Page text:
James Joyce returns to symbolism and Greek references with Stephen Dedalus. Here he uses the name of father of Icarus, who was a great artist himself. In Portrait of an Artist as a Young Man, the world of coming of age takes a radically new approach. His construct using the stream of consciousness to speak to coming of age, where Stephen simply ruminates and the resulting thoughts that arise out of this interaction between the world, and the soul using his mind, if that is an appropriate description of this new genre. Joyce was not a fan of dogmatic religion, which is central to Stephen’s thinking. But, sin is also prominent in his life, as is the pursuit of pleasure, often at someone else’s expense. In post-pubescent Stephen, he must face all the questions we all do. Joyce opines that we are responsible for the outcome and it is not a libertarian solution he seeks, even if he wanted his fellow Irishmen and others to shun the church’s simplistic control.
We can’t leave our discussion without using J.D. Salinger. Holden Caulfield in Catcher in the Rye is the consummate story of coming of age in the modern era in America. Caulfield is a product of a world torn asunder in war, in societal changes and with the impending revolution of which the novel is a harbinger. What we must assess in looking back the three generations that have spanned its penning and our own present day is the growing self-centered nature of the American citizen. At least that is my own assessment when comparing us and our unique status in world statistics. Return again, as I did in my last blog, to Jeff Daniels. Today’s youth is fully aware of Salinger, Plath and Trump as they assess their own situations.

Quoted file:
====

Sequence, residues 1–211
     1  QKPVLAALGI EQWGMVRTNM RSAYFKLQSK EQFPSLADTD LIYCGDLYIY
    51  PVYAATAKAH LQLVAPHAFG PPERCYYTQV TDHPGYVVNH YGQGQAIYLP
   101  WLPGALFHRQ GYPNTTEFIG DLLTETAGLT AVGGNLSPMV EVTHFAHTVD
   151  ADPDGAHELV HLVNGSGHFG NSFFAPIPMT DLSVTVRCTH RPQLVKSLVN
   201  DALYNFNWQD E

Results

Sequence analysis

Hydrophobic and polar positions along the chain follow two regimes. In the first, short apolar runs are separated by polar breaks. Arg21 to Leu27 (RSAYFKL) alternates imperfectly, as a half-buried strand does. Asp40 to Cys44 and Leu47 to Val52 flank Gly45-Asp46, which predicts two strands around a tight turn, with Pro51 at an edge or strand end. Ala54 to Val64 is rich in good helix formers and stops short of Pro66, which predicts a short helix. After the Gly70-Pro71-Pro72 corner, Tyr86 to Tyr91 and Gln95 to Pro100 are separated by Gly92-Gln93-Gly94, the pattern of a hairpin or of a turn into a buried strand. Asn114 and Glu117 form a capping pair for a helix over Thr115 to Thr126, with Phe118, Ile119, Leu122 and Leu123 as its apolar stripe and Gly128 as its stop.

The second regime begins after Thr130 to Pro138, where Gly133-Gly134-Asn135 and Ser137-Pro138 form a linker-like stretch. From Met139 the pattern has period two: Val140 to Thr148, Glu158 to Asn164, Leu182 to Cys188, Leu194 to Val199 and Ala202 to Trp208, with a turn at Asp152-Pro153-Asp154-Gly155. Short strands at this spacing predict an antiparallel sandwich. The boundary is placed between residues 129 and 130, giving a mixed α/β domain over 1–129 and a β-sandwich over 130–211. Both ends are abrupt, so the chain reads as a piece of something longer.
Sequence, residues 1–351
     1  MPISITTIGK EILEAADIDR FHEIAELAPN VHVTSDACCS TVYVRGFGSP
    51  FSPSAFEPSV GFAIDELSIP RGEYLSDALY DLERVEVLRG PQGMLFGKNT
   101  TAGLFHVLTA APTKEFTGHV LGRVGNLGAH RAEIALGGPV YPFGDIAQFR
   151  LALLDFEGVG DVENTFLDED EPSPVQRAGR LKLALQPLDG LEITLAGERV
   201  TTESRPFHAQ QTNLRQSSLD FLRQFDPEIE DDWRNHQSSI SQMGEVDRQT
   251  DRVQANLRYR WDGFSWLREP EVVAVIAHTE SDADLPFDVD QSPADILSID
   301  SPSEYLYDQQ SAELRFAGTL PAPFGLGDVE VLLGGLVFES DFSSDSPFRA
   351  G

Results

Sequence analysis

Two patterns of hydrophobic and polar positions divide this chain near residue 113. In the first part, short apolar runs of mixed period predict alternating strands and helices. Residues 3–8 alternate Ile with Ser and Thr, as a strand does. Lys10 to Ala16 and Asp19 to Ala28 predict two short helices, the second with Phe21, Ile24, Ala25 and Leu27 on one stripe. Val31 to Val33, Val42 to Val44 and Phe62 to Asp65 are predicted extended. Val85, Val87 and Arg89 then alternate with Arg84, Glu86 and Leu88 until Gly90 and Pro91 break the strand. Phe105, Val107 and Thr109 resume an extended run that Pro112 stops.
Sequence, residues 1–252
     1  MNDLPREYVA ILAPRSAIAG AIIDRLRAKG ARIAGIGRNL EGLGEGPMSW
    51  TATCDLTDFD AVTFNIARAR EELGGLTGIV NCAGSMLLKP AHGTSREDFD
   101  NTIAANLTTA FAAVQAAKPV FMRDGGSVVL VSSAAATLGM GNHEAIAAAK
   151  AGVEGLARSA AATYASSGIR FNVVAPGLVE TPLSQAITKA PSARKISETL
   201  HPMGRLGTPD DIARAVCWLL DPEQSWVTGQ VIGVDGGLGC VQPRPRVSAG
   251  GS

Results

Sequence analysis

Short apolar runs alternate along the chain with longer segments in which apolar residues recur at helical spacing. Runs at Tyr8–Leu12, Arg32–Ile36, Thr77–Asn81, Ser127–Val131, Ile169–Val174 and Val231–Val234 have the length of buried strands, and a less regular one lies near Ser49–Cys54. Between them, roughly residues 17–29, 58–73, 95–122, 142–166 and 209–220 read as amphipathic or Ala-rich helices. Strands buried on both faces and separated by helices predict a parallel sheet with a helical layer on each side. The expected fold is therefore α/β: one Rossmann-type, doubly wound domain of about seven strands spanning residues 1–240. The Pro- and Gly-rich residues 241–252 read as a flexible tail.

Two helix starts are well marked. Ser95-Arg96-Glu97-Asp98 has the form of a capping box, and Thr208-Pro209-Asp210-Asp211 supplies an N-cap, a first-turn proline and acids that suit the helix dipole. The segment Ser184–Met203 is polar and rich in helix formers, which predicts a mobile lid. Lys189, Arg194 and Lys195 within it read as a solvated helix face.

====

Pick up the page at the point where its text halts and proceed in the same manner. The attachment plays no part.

A little later in the century, we return to a more recent female voice with Sylvia Plath. Her Esther Greenwood in the Bell Jar is torn with all the issues always facing everyone in the postwar world, though more specifically a female’s perspective. Yet, here the issues are treated with a more modern sensibility. Suicide is not the normal topic of a novel, but in the post-war world, and for a female who was obviously quite sensitive to the experiences of the Cold War, rising feminism and the overwhelming injustices occurring in this world, the only one she knew, she became ultimately overwhelmed. It is a unique perspective to have a 20th century female write about going to Hell and back and then to turn out the light. To quote a NYTimes review, a review written in 1971, “that insanity is the only sane reaction to the America of the past two decades”, speaks to the issue of sanity in today’s world. How is the 2017 Sylvia Plath doing in America based on the past two decades?